Sequence analysis of the 6994-bp EcoRI fragment revealed the presence of two complete putative insertion elements (IS1635.1 and IS1635.2) with a length of 861 bp and a truncated element (ΔIS1635) with a length of 425 bp (Fig. 1B). IS1635.1 spans the region between nucleotides (nt) 1688 and 2548. IS1635.2 extends from nt 4006 to 4866, followed immediately downstream by the truncated element ΔIS1635 from nt 4867 to 5291. The full size IS elements differ in 18 nucleotides, they possess two imperfect terminal repeats (see below) and carry single open reading frames (ORF2, ORF4) encoding putative proteins of 245 amino acids. The deduced protein sequences of ORF2 and ORF4 differ in eight amino acid residues. The putative gene products showed the highest similarity to the transposase of IS6100 (67% identity), an insertion element found in Mycobacterium fortuitum and Flavobacterium sp. [15,16]. Comparison of the deduced protein sequences to a consensus sequence for IS6-like transposases [1] revealed that a DDEK motif involved in transposition catalysis and several additional conserved amino acid residues are present in IS1635.1 and IS1635.2 suggesting that these elements are members of the IS6-family. In contrast, the truncated IS1635-like element (ΔIS1635), immediately downstream of IS1635.2 only comprises the 3′ region of the transposase gene (ORF5) and a single inverted repeat. An additional open reading frame, ORF3 (nt 3105–3947), is located between IS1635.1 and IS1635.2, encoding a protein with a deduced size of 331 amino acids. However, searches of protein databases did not identify protein sequences with significant homology to the predicted gene product.

The left and right sides of the fragment flanking the IS elements carry a complete and a partial open reading frame (ORF1 and ORF6) encoding putative proteins with significant similarity (48 and 81%, respectively) to the E. coli ParA protein, which is involved in the distribution of newly synthesized plasmids to daughter cells [17].

To analyze if related IS elements are also encoded by the virulence plasmid of pathogenic Yersinia species, the entire fragment was split into smaller fragments by generating PCR fragments using synthetic oligonucleotides and hybridized to the pYV virulence plasmids of Y. enterocolitica. Only the fragment carrying IS1635.1 hybridized to the pYV plasmids (Fig. 1A, lane 6; Fig. 1B, bottom). Further hybridization experiments showed that this fragment hybridized to regions of the pYV plasmid of strains Y. enterocolitica 31084 and 13169 carrying the yopM gene (data not shown).

3.2 Comparison of IS1635 to remnants of insertion sequences present on Yersinia plasmids carrying the Yop virulon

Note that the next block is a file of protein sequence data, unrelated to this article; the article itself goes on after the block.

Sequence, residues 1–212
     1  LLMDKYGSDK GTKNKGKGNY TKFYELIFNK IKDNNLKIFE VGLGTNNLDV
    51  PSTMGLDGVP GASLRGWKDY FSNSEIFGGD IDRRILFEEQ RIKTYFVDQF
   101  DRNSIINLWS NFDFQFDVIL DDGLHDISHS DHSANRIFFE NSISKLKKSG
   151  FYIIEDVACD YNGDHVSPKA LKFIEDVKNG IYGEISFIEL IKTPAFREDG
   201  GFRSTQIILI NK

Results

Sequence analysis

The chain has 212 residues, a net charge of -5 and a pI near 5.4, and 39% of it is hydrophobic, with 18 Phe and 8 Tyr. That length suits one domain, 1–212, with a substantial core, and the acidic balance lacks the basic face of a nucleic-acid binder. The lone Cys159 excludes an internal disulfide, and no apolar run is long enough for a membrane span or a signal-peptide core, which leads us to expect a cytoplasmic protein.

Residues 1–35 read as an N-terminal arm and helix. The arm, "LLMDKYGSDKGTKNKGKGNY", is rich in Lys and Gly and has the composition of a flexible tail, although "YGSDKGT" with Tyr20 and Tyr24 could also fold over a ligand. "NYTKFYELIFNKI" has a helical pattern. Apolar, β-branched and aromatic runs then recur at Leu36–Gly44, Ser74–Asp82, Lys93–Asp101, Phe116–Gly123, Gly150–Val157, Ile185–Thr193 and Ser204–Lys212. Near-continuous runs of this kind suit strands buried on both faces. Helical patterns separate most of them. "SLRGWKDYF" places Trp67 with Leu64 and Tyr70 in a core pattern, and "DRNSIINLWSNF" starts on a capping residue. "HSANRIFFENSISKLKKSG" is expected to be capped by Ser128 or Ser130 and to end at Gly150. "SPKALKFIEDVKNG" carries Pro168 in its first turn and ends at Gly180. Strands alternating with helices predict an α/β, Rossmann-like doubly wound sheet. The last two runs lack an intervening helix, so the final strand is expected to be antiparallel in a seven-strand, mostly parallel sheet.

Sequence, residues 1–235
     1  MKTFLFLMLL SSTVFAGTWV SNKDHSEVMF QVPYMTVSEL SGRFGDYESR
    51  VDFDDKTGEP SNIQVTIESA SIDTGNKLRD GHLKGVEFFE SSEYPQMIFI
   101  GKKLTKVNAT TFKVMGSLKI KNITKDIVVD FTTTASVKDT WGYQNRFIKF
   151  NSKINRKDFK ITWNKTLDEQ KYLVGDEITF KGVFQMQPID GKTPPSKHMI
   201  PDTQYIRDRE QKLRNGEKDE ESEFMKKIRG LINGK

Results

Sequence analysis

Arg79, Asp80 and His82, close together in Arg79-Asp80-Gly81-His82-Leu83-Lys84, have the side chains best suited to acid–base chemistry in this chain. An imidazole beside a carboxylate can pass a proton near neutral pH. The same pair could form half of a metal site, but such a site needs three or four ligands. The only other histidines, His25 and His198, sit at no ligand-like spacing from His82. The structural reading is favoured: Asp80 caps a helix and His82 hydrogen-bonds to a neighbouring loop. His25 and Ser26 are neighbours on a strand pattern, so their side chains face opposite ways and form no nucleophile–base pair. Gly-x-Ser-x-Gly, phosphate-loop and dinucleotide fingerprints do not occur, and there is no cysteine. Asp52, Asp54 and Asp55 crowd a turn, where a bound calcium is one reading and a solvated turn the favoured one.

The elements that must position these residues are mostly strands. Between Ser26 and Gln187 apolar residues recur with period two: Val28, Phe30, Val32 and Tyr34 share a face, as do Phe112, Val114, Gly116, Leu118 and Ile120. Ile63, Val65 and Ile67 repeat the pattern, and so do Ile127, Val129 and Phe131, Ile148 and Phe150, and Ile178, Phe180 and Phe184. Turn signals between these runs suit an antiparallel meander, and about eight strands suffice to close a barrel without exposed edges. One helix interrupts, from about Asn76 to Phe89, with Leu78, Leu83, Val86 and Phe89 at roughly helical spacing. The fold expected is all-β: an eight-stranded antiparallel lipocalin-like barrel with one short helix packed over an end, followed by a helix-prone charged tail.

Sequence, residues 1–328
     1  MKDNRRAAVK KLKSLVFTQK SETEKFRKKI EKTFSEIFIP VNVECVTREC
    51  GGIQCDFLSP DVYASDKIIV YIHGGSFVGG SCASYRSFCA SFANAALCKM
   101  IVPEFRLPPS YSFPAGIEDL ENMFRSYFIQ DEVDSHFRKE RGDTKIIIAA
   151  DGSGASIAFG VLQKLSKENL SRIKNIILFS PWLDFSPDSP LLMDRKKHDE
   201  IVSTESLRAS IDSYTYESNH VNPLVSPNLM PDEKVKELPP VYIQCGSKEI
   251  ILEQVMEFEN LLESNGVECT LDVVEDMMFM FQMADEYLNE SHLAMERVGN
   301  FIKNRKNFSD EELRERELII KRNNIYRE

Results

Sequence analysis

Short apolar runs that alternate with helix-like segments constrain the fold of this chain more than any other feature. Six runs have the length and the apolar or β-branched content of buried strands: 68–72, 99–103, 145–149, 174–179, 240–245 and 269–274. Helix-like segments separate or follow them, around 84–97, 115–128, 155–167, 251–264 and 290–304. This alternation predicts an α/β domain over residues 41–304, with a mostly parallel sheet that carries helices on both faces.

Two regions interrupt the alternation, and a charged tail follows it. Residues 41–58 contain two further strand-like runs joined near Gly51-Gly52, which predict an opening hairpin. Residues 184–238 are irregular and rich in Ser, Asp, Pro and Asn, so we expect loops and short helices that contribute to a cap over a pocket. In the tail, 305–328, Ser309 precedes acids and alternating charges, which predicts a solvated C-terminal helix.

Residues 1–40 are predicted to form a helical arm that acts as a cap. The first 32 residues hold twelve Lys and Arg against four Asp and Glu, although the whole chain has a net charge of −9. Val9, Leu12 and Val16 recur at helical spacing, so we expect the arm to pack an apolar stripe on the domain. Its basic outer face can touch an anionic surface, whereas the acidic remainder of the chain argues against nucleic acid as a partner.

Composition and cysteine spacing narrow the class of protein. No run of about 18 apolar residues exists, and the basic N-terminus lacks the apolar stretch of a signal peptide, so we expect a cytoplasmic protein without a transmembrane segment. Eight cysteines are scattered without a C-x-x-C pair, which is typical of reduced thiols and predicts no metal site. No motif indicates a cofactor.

Database searches revealed that repetitive sequences flanking the yopM gene of the virulence plasmid of the three pathogenic Yersinia species (plasmid pCD1 of Y. pestis, plasmid pIB1 of Y. pseudotuberculosis and plasmid pYV of Y. enterocolitica) exhibit a strong homology to the IS1635 insertion elements. Fig. 2 shows a schematic alignment of the newly identified IS1635 elements and the truncated IS1635 element to the published Y. pestis, Y. pseudotuberculosis and Y. enterocolitica sequences. All sequences showed an overall sequence homology of more than 90%, indicating that the repetitive sequences are remnants of IS1635-like insertion elements, which underwent point mutations and extensive deletions.

2

Schematic alignment of IS1635 sequences of Y. intermedia and published sequences with homology to IS1635 present on plasmid pCD1 of Y. pestis[6], on plasmid pIB1 of Y. pseudotuberculosis[19,20] and on plasmid pYV of Y. enterocolitica[7]. Numbers indicate nucleotide positions in relation to IS1635.1. White rectangles indicate the region of homology to IS1635, gray rectangles inside the Y. pestis (Y.p.) elements show the repetitive sequences R1, R2 and R3 described in [18]. Y.ps. seq.1: Y. pseudotuberculosis sequence upstream of yopM[19]Y.ps. seq.2: Y. pseudotuberculosis sequence downstream of yopM; *end of published sequence [20]; Y.e. seq.1 and Y.e. seq.2: Y. enterocoltica sequences upstream of yopM. Dashed lines in Y.p. R1, Y.e. seq.1 and Y.e. seq.2 indicate deletions.

The pCD1 plasmid of Y. pestis harbors three repetitive sequences (R1, R2, R3) with a length of 189 bases (R1), 274 bases (R2) and 275 bases (R3) described by Reisner and Straley [18]. To define the length of these IS1635-like remnants more precisely a detailed sequence comparison has been performed. The longest IS1635 remnant contains the R1 region (indicated by a gray box in Fig. 2) Because of point mutations and a deletion, only an internal part of the putative transposase gene is present, unlikely to encode a functional protein. The R2 and R3 repeats downstream of the yopM gene correspond to the 3′-region of the putative transposase gene and the inverted repeat of IS1635.

Two remnants of the IS1635 element, one upstream [19] and one downstream [20] of the yopM gene, have been found in the pIB1 plasmid of Y. pseudotuberculosis. In the remnant upstream of yopM (seq. 2) of the Y. pseudotuberculosis plasmid an open reading frame was found, whose 5′-coding region has not been sequenced [19]. Compared to the putative tnp gene of IS1635.1 and IS1635.2 this partial ORF harbors point mutations in the 3′-region leading to a frameshift, indicating that this ORF does not encode a functional protein. The pYV plasmid of a Y. enterocolitica serogroup O:9 strain [7] possesses two remnants of insertion elements with high similarity to the IS1635 element upstream of the yopM gene.